A global tomato market also increases the risk of importing pests and diseases according to Philip. “In recent years Tuta absoluta has threatened our crops alongside regular visitor Bemisia tabacii, while new diseases such as Tomato Infectious Chlorosis and Tomato Chlorosis and virus (TiC and ToC) are on the horizon and a real concern for growers. In recent months outbreaks of the highly infectious Tomato Brown Rugose Fruit Virus (TBRFV) have been reported in mainland Europe and it is important for UK producers to be aware and prepared for the expected arrival of this and other tomato diseases into the UK.”

Faced with such risks the TGA is working closely with research and development organisations to prepare for such an eventuality. Like other sectors of commercial horticulture, growers face increasing issues around labour availability and work on automation is also important. “The availability of labour to the horticulture sector is under serious pressure and together with the rising cost of labour the desirability for more efficient plant types is also increasing,” says Andrew Beeston. “Faster crop working and harvest types are really going be part of the future of delivering taste and quality in an efficient way. The reduction of pesticide usage is also being championed by UK tomato growers and the demand for resistant varieties is increasing.”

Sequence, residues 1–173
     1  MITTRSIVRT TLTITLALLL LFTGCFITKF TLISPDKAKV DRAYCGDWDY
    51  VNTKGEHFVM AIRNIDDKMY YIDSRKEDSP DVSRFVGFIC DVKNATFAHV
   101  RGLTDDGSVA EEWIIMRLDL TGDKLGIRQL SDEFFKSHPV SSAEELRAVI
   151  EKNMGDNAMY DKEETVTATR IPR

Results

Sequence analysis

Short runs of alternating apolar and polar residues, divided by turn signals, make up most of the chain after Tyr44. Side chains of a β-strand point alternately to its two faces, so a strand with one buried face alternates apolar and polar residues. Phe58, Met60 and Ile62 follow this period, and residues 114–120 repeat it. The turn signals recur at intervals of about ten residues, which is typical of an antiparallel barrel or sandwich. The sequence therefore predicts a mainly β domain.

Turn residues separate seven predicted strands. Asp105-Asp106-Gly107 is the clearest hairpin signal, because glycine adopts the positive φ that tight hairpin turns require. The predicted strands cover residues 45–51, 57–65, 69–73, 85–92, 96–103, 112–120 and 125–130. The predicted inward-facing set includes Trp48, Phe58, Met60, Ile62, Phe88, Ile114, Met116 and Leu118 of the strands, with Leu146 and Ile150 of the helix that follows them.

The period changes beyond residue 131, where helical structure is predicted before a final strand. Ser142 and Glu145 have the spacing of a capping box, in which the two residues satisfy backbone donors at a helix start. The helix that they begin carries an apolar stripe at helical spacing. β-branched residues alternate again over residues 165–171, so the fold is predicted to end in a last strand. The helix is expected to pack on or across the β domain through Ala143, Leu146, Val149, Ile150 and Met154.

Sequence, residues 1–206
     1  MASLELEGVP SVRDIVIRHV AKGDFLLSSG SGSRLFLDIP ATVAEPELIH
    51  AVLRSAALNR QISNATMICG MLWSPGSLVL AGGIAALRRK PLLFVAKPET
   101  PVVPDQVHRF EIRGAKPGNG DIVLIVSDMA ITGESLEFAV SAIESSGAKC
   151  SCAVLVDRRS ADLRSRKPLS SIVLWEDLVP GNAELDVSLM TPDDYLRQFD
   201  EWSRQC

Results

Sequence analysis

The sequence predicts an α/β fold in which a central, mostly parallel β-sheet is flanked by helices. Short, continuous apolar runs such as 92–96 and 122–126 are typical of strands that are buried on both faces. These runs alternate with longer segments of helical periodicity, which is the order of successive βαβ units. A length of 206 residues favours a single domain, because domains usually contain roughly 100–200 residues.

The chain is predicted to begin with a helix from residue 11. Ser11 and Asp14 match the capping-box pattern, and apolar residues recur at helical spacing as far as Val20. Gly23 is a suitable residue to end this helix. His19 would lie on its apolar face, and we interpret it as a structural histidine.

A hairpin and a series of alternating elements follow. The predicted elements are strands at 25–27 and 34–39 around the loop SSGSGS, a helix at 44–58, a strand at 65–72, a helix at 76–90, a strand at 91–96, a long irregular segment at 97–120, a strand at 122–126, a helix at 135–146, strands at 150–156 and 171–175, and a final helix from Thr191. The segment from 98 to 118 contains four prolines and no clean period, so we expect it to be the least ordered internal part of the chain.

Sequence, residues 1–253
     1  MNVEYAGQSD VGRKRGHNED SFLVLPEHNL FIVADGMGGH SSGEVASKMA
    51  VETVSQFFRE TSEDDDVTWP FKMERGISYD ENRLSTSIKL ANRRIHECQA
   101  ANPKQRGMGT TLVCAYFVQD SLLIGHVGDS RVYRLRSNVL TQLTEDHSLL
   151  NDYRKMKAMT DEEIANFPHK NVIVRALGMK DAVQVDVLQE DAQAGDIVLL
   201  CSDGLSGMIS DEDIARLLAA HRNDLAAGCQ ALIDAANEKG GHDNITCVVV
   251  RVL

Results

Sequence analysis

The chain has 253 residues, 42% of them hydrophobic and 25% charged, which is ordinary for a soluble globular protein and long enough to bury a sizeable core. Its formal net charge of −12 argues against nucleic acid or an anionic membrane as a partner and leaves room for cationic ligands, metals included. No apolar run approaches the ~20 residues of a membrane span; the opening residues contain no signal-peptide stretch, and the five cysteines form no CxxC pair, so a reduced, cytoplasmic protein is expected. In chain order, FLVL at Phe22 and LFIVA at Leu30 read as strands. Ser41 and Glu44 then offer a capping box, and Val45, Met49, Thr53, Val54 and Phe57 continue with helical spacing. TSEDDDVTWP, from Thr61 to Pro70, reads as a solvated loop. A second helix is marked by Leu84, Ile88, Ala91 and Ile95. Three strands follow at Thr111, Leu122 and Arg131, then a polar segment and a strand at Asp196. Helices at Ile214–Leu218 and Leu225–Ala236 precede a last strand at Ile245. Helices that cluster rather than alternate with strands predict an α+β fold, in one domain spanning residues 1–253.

As well as supporting technical R&D, the TGA supports consumption through initiatives such as British Tomato Fortnight and has employed PR company STAND Agency. However, despite the bright outlook for tomato consumption in the UK, some people, including Tony Egan, worry about the aging grower base. This too is something that TGA is acutely aware of: “If we are to have a thriving protected horticulture sector in the UK fit for the future demands, we must continue to engage with young people and their educators,” says Philip. “British protected cropping is the most advanced in the world. Our efficiency in energy use, water use and the systems we utilise are of the highest standard and should be an example to other sectors.”